Will Apple Inc. Mix and Match Intel Corp.'s Broadwell and Skylake in Upcoming iMacs?

By Markets Fool.com

Source: Apple.

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Intel recently announced the highest-end members in its Broadwell family of processors aimed at high-performance laptops and potentially all-in-one PCs.

As I noted previously, Apple skippedBroadwell for its 15-inch Retina MacBook Pro refresh and is likely holding off for Broadwell's successor, known as Skylake, to do a more substantial refresh of the device.

Apple didn't upgrade its iMac line of systems in its latest Mac refresh. It lowered the price on the top-end iMac with Retina 5K display from $2,499 to $2,299 and introduced a lower-end model at $1,999, but otherwise there were no changes to the lineup.

I suspect Apple will update its iMac products later this year. The question, then, is what processors will it use in the updated models?

The 27-inch upgrades should be all Skylake
The 27-inch iMacs generally use Intel's socketed Core i5/i7 processors. Since the rumors all point to an August launch of the comparable Skylake processors, I expect Apple to upgrade all 27-inch iMac models straight to Skylake.

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The 21.5-inch situation gets a bit trickier
Although Skylake seems a "no-brainer" for the 27-inch iMac, the situation with the 21.5-inch models isn't as clear. Apple has two lines of 21.5-inch iMacs: standard and high end. The standard line uses a Core i5-4570R (per AnandTech), which is a quad-core part with Iris Pro graphics. This isn't a socketed (i.e., user-replaceable) part; it's soldered down on the motherboard.

However, AnandTech said the 21.5-inch high-end iMac comes with a Core i5-4570S. This part, unlike the 4570R, is a socketed part. It also doesn't feature the higher-end Iris Pro graphics, instead having standard Intel HD graphics. This is appropriate for the upgraded 21.5-inch iMac that uses a stand-alone graphics chip.

So why is this tricky to call? Well, because it's not clear if Intel will have a Skylake part suitable for the low-end 21.5-inch iMac around the same time that the other Skylake chips will be ready. The Skylake parts with the low-end GT2 graphics should be good to go around August or September, but will the parts with the higher-end GT4e graphics be ready?

If the answer is "yes," then I could see Apple doing an all-Skylake refresh of the iMacs in October. If the answer is "no," Apple might upgrade all of its iMacs to Skylake except the lowest-end 21.5-inch model. That system could either stay Haswell-based until the appropriate Skylake part is ready, or Apple could outfit it with a Broadwell part.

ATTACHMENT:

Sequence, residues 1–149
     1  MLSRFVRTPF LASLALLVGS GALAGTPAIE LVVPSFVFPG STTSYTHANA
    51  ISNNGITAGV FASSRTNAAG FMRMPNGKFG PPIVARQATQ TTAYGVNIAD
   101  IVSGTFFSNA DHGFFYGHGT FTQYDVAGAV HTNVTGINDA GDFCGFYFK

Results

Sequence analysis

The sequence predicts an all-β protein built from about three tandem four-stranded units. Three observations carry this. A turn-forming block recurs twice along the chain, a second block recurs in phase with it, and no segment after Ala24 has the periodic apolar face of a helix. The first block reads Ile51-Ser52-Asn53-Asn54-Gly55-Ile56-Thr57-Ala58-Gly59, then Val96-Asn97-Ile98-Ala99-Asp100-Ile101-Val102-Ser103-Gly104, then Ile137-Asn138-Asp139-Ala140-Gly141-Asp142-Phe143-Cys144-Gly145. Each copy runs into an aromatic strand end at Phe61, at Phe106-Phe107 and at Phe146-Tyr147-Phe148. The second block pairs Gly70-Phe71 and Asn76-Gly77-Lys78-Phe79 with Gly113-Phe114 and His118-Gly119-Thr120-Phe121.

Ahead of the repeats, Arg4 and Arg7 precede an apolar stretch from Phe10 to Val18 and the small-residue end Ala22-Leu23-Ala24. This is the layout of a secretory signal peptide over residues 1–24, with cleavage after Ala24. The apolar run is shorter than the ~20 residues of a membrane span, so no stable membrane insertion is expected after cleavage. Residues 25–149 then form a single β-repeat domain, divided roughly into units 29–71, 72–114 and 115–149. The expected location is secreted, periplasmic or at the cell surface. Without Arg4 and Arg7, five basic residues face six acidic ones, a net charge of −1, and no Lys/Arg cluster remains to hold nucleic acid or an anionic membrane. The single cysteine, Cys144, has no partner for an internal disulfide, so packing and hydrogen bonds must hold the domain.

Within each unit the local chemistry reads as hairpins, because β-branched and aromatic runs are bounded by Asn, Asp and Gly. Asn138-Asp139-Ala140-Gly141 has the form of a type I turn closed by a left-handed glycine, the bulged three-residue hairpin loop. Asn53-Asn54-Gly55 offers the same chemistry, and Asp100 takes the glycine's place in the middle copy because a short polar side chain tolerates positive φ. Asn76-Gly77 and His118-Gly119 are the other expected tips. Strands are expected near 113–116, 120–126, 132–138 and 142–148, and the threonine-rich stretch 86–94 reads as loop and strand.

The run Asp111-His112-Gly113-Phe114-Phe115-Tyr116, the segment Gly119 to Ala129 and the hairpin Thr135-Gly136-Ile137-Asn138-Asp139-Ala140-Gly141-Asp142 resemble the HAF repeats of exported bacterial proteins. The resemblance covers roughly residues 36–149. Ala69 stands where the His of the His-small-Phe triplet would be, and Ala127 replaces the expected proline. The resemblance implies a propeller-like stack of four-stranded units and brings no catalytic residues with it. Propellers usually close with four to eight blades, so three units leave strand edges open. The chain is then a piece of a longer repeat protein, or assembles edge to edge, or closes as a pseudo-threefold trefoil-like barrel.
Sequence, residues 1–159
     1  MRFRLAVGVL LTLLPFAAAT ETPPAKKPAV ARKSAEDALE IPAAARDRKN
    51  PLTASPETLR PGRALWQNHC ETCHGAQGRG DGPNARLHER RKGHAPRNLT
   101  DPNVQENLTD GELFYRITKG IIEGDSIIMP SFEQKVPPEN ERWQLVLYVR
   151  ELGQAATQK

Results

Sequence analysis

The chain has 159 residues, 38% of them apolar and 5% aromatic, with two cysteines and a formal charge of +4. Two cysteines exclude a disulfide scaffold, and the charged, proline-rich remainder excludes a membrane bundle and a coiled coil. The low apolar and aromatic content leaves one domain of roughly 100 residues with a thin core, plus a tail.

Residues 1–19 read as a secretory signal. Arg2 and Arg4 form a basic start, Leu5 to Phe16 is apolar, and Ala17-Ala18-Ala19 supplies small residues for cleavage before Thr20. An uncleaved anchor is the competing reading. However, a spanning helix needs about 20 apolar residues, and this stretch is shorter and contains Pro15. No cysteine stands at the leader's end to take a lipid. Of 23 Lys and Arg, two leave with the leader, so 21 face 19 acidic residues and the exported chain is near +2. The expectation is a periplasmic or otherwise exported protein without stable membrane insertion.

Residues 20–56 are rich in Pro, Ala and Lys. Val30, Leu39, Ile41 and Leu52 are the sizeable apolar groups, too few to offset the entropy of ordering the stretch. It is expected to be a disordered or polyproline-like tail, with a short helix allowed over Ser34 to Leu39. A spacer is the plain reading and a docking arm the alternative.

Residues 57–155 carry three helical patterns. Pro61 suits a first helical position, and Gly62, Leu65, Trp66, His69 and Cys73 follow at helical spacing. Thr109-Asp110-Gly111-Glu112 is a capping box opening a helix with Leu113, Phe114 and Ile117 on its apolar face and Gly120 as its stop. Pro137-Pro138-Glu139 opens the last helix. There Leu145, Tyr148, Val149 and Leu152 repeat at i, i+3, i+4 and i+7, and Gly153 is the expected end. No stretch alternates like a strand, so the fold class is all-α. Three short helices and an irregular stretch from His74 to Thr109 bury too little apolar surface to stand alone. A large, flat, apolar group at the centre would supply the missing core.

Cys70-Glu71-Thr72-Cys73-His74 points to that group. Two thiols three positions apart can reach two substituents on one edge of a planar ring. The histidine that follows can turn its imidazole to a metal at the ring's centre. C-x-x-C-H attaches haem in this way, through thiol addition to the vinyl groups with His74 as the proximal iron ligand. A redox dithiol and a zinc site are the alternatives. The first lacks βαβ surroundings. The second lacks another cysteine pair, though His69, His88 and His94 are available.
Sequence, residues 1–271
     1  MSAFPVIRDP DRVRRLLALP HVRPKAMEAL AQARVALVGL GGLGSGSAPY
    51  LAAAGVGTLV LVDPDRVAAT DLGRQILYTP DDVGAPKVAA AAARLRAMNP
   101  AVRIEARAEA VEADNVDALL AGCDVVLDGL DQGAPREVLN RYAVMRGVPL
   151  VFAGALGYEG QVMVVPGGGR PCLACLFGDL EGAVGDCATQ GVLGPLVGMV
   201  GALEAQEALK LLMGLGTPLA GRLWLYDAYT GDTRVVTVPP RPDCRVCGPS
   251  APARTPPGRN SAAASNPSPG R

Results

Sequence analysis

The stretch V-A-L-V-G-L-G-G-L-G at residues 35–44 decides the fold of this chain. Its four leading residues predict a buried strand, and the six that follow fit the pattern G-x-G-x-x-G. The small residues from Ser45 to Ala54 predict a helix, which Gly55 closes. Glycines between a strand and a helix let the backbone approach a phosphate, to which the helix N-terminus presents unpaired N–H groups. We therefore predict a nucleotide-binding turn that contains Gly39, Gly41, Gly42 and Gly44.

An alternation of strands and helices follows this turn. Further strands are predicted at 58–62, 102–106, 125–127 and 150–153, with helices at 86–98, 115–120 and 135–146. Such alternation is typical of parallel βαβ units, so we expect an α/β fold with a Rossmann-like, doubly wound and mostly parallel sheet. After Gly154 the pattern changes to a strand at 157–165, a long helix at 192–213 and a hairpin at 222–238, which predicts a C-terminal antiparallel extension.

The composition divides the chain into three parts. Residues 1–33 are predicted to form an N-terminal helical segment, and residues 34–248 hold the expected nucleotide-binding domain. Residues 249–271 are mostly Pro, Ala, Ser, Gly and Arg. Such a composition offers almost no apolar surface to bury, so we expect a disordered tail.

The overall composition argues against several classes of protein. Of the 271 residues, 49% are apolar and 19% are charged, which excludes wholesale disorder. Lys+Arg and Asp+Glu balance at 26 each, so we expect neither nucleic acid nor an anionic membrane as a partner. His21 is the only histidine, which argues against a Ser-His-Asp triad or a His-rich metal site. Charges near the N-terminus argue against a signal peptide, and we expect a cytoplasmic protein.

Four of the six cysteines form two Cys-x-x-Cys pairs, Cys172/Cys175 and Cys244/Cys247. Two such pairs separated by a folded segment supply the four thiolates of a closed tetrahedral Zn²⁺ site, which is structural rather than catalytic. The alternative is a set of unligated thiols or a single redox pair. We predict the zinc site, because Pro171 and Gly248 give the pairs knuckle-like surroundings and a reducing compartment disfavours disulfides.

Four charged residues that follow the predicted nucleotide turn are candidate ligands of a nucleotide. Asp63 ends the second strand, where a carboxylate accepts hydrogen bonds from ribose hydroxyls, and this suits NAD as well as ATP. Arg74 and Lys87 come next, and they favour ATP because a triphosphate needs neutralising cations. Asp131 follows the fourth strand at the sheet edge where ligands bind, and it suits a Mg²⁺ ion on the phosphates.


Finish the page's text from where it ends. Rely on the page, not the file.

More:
Will the GT4e part be ready in time for an October iMac refresh?
This raises the question of whether the GT4e part will be available for an October iMac refresh. Looking at the Haswell launch schedule, Intel launched the socketed 2/4 core parts with GT2 graphics in June 2013 (at the very end of the second quarter). The 15-inch Retina MacBook Pro launched in October, but AnandTech tested production silicon of the four-core Haswell with GT3e graphics in June (suggesting the chip had qualified for production by then).

Indeed, a recent leak from BenchLife suggests Intel will launch the Core i7-6700HQ and Core i5-6300HQ chips in September 2015. In perusing Intel's processor database, I see that most of the chips with the "HQ" designation feature Iris Pro graphics (although there are some with standard Intel HD graphics).

This seems to indicate there's a decent chance Intel will have parts suitable for a low-end 21.5-inch iMac with fast on-die graphics by the time Apple is ready to refresh its iMac product lineup.

The article Will Apple Inc. Mix and Match Intel Corp.'s Broadwell and Skylake in Upcoming iMacs? originally appeared on Fool.com.

Ashraf Eassa owns shares of Intel. The Motley Fool recommends Apple and Intel. The Motley Fool owns shares of Apple. Try any of our Foolish newsletter services free for 30 days. We Fools may not all hold the same opinions, but we all believe that considering a diverse range of insights makes us better investors. The Motley Fool has a disclosure policy.